This database containing millions of images—a joint venture between LIFE Magazine and Google—is completely free and very simple to use. Just access the site and then select a category of photos to browse (decades, people, places, events, etc.) or use the search option to locate the desired image. Once a photo is found, it can be downloaded to your device and utilized in multimedia projects, documents, presentations, etc.—so long as it has an educational/non-commercial use.

Here’s an example of one of the really cool never seen before images I found after conducting a search using the key words John F. Kennedy.

john f kennedy life image

If you would just prefer to use the Google Images search engine to locate photos from the LIFE Photo Archive, then you can bypass the actual site by simply adding “source:life” to any search. The result? Only images located within the LIFE Photo Archive will be returned. (i.e. John F. Kennedy source:life). Give this advance search option a test drive!

Classroom Connection:

The LIFE Photo Archive is a great place to snag images that can be used for a variety of purposes: To introduce a historical topic and/or to spark a conversation about an event in history. These photos (or any photo as well as other media types) could also be utilized in conjunction with document analysis worksheets. Besides strengthening visual literacy, this concept is a great tool for use as bell ringers, pair share activities and exit tickets—all of which help to ensure that students are actively engaged with lesson content.

Examples of Document Analysis Worksheets:

The document analysis worksheets listed above were designed and developed by the Education Staff of the National Archives and Records Administration. You may find these resources to be valuable classroom tools as the use of images combined with instructional strategies and/or technology can…

  • Spark interest and enthusiasm
  • Engage the learner
  • Provoke thought
  • Provide clarity
  • Encourage interaction
  • Stimulate discussion
  • Make connections to learning
  • Address the four lenses of learning (meaning-centered, language-based, human, social)
  • Enhance critical thinking skills
  • Inspire creativity
  • Strengthen literacy, including information and visual
  • Promote a variety of 21st Century skills

And the best part: Lessons, activities and projects using images can be designed and utilized in all content areas across the K-12 curriculum!

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Tech It Up Tuesday: Knoword

September15

tech it up tueday

Time for the next tech-isode in my “Tech It Up Tuesday” series in which I will share an edtech tool, app, site or other resource that can be utilized in the educational setting.

This week the focus is on Knoword, an online word game that can help boost vocabulary, spelling, and speed of thought while increasing analytical, observational and typing skills as well.

Knoword is a pretty simple and straightforward web resource to use. Begin by selecting the level of difficulty from the menu at the top of the home page—Novice, Hotshot or Wizard, click the big blue “Let’s Go!” button, and let the fast-paced fun begin!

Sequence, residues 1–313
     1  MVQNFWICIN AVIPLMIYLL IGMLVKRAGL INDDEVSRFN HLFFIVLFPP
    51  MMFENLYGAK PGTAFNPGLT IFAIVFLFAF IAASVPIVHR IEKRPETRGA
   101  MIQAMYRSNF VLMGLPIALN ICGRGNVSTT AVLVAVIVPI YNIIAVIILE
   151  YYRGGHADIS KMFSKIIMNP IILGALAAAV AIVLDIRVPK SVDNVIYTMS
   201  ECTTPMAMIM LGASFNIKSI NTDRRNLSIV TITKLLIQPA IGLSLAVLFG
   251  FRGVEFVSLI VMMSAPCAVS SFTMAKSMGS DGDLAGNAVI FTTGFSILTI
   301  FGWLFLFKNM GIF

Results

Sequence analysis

When users begin a new game, they are given one randomly generated dictionary definition along with the first letter of its corresponding word and one minute to solve the problem. The object of the game is to fill in the remainder of the word as fast as possible. Points and and additional time is earned based on how accurately and quickly the answers are provided.

Don’t know the word? No problem! Just hit the skip button and a new definition will appear.

The initial screen looks something like this:

knoword screenshot1

Since I entered the correct answer (Boom!), here’s what happens next:

knoword screenshot2

At the end of a game, users receive the following data:

knoword screenshot3

Perfect! Of course, I don’t hear that word very often so I was more than happy to receive these results—even if it was after only one round of play!

Anyway, users do not need to register for an account to play Knoword, but creating one provides users with the option of keeping track of game statistics. Registered users can also earn badges based on their performances.

Classroom Connection:

Whether this site is used independently, in small groups or as a competition in a whole class setting, Knoword is a fun yet challenging game that can be used to reinforce students’ vocabulary, spelling and keyboarding skills. It would also be a great resource for students preparing to take the SATs.

FYI: Based on the difficulty of the words I’ve encountered while experimenting with this resource, I would recommend that Knoword be utilized with middle and high school students.

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Hey, edu-tech gurus!

Looking for some technology integration ideas to enhance your classroom lessons? Then be sure to check out my "Tech Tips" for the latest and greatest Web 2.0 tools, applications and web sites that can be incorporated into activities and/or projects. Although some posts may not be applicable to your content area or grade level, be sure to check back often as I will be varying ideas in order to provide resources across the K-12 curriculum.